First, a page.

Following the publication of the FWBO Files in 1998, Vishvapani, Cittapala and I had worked hard on our Response. I was never happy with that document. Bhante was still loathe to give a full account of his sexual activity and we were assured by those responsible for our activities in India that too frank an account would be incendiary there. In any event, the Files themselves were riddled were inaccuracy and over-statement and we did our best to address these and redress the balance. But in the end our Response felt a bit like a fudge. That left a bad taste.
But it was just the start. Over the next five years crisis followed crisis and we never seemed able to get on top of things. On reflection, I think there was something fundamentally flawed in the model of leadership we were struggling to implement. There was a lack of clarity about lines of authority and we weren’t entirely clear about what kind of leadership team we wanted to be (and whether we had any real authority anyway – Bhante was always there, casting his shadow).
I felt an increasing claustrophobia with life at Madhyamaloka. By 2003 it was time for me to move on.
Recently, Bhante has spoken of his complex personality and how that has shaped the Order. Much of that rings true. But in speaking of his personality as though all of its features were entirely positive in the second piece he wrote on theme he has detracted from an earlier statement where he seemed to acknowledge that that complexity had led him to act in ways that weren’t in accordance with his position.
As I write, I feel my reluctance to go into this territory. But from my discussions with certain College members over the past few years and in some of the documents we’ve all been sent, I sense what has been a strategy for forging unity in Triratna by insisting on Bhante’s place in the centre of our mandala. And when you insist on Bhante’s position at the centre of the mandala, and try to use that to forge unity, then that necessarily calls for a discussion of the complex personality around which we are being asked to cohere.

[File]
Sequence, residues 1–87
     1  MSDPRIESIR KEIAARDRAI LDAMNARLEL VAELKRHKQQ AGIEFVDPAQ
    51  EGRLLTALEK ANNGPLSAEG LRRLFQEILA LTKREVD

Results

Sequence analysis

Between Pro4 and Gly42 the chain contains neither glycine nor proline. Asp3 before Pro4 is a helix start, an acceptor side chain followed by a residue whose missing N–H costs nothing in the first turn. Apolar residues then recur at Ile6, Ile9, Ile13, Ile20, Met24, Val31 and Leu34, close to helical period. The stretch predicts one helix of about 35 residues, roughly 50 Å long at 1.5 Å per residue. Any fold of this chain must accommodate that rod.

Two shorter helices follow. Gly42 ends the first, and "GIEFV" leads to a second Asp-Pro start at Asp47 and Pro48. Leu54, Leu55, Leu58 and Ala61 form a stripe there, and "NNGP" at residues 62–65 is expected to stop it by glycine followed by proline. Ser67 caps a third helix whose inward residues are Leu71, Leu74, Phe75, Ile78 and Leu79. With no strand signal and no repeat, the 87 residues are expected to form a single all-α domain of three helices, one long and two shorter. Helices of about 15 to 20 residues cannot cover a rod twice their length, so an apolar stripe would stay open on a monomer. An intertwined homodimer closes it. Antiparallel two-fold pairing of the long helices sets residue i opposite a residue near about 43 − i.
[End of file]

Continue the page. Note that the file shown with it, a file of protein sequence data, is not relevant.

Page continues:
From my own observations and experience, for example, there appears to me to be an element of Bhante’s personality that is marked by caution at best and anxiety at worst. That can play out as a need to control the world he’s a part of and I sense echoes of that same tendency in some of what has emerged at times from Adhisthana and the College.
So much of what I hear from College members and others about ‘the need to preserve Bhante’s legacy’ seems to me to carry imprints of elements of Bhante’s complex personality that he never spoke about in his recent article on the theme.
Am I alone in sensing a whiff of vanity, for example, in some of what Bhante wrote about in his second piece about his personality? Indeed, in much of what he’s written about himself? Or, in fact, the whole ‘legacy project’? Is that too an aspect of his complex personality? Those of us who have lived with Bhante have sometimes been maddened by his unflinching self-certainty – should that be in the mix too? And then there is that anxiety – the apparent need for constant control.
By 2003 I couldn’t bear the confining tension of Madhyamaloka any longer. I left there and went to Abbey House in Cambridge, where I could focus on my friendships and various presidencies, spend more time with Dhirangama who lived nearby, and get my masters’ degree in Mindfulness-Based Approaches at Bangor University completed.